Caneel Bay Resort contracted the U.S. Agriculture Department’s Animal and Plant Health Inspection Service to euthanize an unknown number of diseased deer from the herd that provides photo opportunities for many visitors and residents, an APHIS official said Thursday.
“They had a heavy tick load,” APHIS supervisor Ken Gruver said. He said that the ticks can spread to humans.
Efforts to find out information directly from Caneel were unsuccessful. Manager Nikolay Hotze referred questions to an unspecified federal agency and the resort’s public relations firm, Hawkins International Public Relations.
“Caneel Bay had nothing to do with any of it,” he said, adding that he could not comment further.
Both Hawkins representative Laura Lopez and Gruver said a press release about the matter would be issued but by 8 p.m. Thursday, none materialized.
St. John resident Ann Marie Estes said she is outraged that the situation happened without any humanitarian consideration. She said that a veterinarian should be on hand to ensure that the deer were indeed dead when they were buried. Another person who reported the matter to the Source indicated the dead deer were buried at Caneel.
Estes said that she understands that sometimes it is necessary to eliminate deer, and in the case of St. John’s deer, there are no natural predators.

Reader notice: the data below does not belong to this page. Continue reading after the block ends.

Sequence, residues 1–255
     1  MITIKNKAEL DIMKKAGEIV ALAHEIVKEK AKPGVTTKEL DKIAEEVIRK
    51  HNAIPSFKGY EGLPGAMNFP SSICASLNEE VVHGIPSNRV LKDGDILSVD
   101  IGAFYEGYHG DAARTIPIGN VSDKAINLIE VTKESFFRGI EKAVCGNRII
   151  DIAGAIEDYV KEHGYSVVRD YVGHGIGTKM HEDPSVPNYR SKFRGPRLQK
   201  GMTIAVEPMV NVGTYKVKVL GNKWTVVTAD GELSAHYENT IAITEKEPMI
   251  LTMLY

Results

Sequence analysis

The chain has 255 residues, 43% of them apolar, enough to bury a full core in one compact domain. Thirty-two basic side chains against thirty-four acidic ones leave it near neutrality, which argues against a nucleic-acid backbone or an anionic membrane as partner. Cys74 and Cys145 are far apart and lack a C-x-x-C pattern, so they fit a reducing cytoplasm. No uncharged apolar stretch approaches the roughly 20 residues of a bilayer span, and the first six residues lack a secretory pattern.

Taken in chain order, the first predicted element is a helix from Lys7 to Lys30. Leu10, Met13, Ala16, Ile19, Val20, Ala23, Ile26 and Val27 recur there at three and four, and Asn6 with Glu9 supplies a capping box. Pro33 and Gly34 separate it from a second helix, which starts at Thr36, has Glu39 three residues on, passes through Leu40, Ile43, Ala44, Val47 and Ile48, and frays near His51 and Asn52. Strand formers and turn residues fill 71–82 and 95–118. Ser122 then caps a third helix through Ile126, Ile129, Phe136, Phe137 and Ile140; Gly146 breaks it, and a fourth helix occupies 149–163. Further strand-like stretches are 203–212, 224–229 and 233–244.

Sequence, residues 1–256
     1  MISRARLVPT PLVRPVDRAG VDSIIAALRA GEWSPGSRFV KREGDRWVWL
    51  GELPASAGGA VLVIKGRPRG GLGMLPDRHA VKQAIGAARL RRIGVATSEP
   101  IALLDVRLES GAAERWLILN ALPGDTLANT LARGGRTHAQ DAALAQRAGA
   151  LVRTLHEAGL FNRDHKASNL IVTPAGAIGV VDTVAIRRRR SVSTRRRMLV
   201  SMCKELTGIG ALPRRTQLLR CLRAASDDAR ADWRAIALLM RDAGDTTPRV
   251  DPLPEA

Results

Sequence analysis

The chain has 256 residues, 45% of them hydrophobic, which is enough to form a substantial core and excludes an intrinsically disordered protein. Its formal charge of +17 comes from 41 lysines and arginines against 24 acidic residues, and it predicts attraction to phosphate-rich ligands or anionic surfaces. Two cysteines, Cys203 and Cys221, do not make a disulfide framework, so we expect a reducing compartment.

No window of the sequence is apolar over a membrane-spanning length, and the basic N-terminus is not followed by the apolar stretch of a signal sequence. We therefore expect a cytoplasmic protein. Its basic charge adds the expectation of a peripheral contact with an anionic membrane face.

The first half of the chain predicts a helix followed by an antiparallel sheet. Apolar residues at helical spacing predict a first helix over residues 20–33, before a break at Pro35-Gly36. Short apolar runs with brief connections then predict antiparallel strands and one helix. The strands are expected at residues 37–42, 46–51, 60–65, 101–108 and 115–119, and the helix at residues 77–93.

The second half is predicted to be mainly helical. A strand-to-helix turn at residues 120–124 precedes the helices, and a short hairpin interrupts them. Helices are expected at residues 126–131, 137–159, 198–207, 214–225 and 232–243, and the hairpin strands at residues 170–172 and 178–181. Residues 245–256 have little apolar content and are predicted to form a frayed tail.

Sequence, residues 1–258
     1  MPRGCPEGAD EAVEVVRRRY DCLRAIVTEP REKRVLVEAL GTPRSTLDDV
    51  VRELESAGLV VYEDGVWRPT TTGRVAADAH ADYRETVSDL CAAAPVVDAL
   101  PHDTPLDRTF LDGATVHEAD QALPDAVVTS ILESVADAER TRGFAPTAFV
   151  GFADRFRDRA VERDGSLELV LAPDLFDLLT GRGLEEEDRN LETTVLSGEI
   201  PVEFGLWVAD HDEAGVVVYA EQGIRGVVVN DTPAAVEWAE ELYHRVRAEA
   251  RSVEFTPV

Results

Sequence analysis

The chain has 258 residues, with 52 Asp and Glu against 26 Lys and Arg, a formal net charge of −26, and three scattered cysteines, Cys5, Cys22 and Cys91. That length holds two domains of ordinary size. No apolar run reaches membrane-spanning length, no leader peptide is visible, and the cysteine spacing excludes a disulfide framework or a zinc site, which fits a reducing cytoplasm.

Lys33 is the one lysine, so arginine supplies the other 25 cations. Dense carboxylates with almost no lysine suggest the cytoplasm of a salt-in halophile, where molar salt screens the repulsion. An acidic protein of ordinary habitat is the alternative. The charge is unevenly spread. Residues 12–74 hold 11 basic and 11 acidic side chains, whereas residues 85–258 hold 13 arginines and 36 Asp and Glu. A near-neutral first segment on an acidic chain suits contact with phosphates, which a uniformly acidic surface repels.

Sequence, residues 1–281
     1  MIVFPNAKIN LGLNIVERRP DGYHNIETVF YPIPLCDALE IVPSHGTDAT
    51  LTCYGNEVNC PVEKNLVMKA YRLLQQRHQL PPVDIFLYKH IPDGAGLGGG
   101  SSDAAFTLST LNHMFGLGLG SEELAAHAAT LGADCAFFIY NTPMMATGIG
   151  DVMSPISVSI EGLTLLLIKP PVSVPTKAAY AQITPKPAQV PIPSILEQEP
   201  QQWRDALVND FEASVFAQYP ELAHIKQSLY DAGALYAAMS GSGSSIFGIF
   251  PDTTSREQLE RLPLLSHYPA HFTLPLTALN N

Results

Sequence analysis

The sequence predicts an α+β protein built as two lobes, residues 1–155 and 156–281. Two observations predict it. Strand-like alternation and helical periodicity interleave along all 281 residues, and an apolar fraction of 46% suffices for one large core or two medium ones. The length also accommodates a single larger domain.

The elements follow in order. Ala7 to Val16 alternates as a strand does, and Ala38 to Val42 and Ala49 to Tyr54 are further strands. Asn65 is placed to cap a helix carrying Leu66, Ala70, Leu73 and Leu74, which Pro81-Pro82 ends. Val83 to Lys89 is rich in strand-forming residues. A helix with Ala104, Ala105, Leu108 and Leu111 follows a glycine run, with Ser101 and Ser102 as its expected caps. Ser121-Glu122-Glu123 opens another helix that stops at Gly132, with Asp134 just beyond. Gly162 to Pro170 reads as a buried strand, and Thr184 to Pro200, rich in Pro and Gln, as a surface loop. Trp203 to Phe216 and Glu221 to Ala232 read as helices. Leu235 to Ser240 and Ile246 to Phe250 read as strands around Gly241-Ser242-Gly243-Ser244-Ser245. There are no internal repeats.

Estes also was upset about reports that firearms were used without public notice. “Someone could have been on a night hike in the park,” Estes said.
Efforts to find out how many deer were killed and the exact method used as well as other details were not successful since Gruver and Lopez said they couldn’t provide much information until the press release was issued.
According to Roy A. Pemberton Jr., the director of the Fish and Wildlife Division of the Planning and Natural Resources, he met several times with Caneel officials but determined no local permits were required for the operation because Caneel sits on federally owned land.
Caneel is located on V.I. National Park land, but park Superintendent Brion FitzGerald said the park did not know anything about this week’s kill. He said according to its agreement with the park, Caneel doesn’t have to notify the park what it does on its property.
He said Caneel contacted the park late last winter or spring in hopes of finding a way to get rid of the ticks that plagued many of the deer. He said they were all over their bodies and covered their faces. “And they were emaciated and not eating right,” he said.
He said the park made some suggestions about a mechanical way to get rid of them and also suggested Caneel contact APHIS for a solution.
“That’s the last we heard from them,” FitzGerald said.
Several officials said it wouldn’t be prudent to distribute the meat from the dead deer for human consumption because the deer were diseased.
Caneel Bay is currently closed as it is every fall. It will reopen Nov. 1.